The Hernando County Commission plans to ask voters to put a stop to red-light cameras in the county. There is just one catch. The only cameras in Hernando are under the jurisdiction of the city of Brooksville, and they won't be affected by the referendum.
This waste of time — the county legal staff must draft the ballot language and commissioners must take public comment before placing the referendum on the November 2014 ballot — is nothing more than a public relations move by commissioners frustrated by Brooksville's red-light cameras. Commission chairman David Russell pushed the referendum and proclaimed confidence that voters will approve it overwhelmingly. So what? The county will be left with nonbinding election results that aren't applicable to Brooksville, where red-light cameras generated $1.1 million in fines over a seven-month period.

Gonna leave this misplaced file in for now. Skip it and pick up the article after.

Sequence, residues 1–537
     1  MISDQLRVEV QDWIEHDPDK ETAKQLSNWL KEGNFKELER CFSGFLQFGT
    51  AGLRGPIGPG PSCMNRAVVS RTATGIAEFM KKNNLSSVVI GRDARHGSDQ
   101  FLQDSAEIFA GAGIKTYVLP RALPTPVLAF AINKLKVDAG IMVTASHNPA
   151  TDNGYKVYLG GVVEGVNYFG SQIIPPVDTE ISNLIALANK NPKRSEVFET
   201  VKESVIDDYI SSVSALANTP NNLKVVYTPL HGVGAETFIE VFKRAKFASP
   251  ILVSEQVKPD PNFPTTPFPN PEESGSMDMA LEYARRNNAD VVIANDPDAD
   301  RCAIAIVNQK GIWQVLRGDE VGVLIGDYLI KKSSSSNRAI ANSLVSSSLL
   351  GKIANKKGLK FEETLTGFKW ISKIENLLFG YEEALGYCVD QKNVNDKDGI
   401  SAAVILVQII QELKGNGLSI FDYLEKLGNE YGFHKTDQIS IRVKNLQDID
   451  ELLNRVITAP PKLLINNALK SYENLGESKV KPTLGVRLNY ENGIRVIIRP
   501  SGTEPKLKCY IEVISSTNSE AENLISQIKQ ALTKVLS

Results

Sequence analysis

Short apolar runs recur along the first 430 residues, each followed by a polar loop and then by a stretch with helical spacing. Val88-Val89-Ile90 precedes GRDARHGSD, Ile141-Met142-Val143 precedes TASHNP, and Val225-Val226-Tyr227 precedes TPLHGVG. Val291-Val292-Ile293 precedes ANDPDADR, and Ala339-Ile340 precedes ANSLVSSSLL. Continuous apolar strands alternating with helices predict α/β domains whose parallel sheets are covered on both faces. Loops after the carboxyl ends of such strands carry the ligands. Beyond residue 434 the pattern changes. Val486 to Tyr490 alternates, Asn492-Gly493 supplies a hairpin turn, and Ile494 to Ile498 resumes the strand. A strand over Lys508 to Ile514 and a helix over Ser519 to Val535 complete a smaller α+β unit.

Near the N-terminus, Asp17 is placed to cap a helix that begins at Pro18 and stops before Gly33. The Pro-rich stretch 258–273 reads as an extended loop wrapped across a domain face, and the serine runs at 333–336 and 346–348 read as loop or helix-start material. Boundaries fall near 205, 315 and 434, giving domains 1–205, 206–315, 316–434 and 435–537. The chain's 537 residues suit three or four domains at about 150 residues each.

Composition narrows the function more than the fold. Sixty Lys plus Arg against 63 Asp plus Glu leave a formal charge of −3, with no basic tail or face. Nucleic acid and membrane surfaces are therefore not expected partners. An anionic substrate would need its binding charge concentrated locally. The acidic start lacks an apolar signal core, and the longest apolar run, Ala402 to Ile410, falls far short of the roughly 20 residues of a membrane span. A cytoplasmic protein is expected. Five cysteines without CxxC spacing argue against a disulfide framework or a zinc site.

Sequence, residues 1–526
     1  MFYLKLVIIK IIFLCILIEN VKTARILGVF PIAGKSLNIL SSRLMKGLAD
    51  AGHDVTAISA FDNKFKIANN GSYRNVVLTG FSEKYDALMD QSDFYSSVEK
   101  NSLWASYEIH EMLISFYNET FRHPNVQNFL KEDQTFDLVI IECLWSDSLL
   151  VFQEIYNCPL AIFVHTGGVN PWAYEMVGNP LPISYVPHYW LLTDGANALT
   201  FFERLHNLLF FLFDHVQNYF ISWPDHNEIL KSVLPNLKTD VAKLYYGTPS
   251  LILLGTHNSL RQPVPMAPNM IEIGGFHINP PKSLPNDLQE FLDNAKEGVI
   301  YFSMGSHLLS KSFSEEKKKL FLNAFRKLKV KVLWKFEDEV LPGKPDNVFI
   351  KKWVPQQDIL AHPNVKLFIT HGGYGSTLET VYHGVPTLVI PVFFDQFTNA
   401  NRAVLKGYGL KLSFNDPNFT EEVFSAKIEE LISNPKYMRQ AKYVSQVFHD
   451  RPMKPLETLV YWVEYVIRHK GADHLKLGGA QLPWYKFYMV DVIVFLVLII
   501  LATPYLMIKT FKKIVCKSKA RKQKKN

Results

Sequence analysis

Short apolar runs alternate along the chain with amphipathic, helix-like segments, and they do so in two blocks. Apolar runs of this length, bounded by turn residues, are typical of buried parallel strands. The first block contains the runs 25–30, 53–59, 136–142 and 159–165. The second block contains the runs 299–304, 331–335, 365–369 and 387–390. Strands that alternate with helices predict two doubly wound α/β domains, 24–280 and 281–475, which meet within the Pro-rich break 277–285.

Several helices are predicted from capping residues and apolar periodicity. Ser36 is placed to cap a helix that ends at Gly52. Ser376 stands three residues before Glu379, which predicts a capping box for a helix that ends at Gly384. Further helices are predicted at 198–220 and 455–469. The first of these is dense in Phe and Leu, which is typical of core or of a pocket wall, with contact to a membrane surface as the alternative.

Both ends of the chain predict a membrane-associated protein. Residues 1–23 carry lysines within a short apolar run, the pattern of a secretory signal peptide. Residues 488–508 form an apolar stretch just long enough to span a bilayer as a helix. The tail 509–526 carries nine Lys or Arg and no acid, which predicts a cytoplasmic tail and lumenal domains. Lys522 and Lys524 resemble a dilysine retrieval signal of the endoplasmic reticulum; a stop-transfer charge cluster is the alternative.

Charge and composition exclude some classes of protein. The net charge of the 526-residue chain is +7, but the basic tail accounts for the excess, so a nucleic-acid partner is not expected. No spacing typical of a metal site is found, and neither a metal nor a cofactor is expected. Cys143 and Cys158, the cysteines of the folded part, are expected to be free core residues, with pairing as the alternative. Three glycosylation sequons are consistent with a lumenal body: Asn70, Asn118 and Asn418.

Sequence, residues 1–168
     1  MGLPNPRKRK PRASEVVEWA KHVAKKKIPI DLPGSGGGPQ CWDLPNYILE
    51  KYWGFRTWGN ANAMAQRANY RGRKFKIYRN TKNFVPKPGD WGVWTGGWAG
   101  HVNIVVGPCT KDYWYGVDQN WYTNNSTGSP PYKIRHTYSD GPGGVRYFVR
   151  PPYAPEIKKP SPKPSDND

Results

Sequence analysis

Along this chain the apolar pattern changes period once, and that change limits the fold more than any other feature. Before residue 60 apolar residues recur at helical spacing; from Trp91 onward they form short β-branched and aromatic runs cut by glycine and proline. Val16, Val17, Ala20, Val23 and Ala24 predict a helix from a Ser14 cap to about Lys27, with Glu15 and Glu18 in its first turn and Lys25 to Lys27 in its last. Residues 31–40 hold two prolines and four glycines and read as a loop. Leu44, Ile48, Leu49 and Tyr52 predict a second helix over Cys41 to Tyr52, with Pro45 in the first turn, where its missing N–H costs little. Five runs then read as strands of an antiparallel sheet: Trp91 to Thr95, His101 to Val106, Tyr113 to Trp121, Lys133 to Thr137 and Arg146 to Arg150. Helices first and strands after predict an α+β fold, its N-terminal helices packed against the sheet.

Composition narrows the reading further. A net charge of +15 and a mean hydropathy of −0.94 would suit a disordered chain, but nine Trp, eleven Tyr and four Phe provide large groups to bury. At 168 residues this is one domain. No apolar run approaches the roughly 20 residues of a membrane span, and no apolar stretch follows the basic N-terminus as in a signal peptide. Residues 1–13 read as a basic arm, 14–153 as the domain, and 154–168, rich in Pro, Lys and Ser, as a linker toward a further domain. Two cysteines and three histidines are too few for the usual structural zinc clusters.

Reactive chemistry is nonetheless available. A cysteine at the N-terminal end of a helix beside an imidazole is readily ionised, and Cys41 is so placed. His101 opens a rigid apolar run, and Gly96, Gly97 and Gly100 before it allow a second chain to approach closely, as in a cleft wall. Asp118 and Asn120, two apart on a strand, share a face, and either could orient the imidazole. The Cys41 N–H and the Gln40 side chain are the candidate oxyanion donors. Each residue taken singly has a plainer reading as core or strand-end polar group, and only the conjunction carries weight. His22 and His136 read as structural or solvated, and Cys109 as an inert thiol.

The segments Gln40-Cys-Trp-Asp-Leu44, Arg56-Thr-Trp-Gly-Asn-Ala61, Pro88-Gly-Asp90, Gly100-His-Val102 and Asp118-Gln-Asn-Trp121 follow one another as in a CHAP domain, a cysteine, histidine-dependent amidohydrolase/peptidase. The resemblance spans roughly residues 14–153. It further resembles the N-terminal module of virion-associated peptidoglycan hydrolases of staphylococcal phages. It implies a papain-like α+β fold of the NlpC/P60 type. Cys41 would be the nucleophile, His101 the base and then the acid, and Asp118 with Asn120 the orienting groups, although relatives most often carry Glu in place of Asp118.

The ploy is ineffective, but the commissioners' angst is understandable and it is shared across the region. Voting against red-light cameras has become a matter of routine for three St. Petersburg City Council members, and the deputy mayor of New Port Richey recently wondered aloud about the value of the cameras in that city. The public questions the timing of yellow lights and the inability of motorists to make rolling right-hand turns without stopping at a red light.
The criticism continues because local officials have been unable to offer persuasive arguments that red-light cameras are imperative public safety tools rather than an easy cash cow for state and local governments. Attempts at reform didn't go entirely as planned. State legislators complicated the appeals process by forcing local governments to set up an appeals process or hire special magistrates to hear cases, while putting additional costs on drivers challenging their tickets.
The ultimate fix for the red-light camera craze must come from Tallahassee. Hernando commissioners think an outraged local electorate can send a strong signal to legislators. Don't hold your breath. The state and local governments have become addicted to the millions of dollars red-light cameras generate, and real change isn't likely to occur without an alternative source of revenue.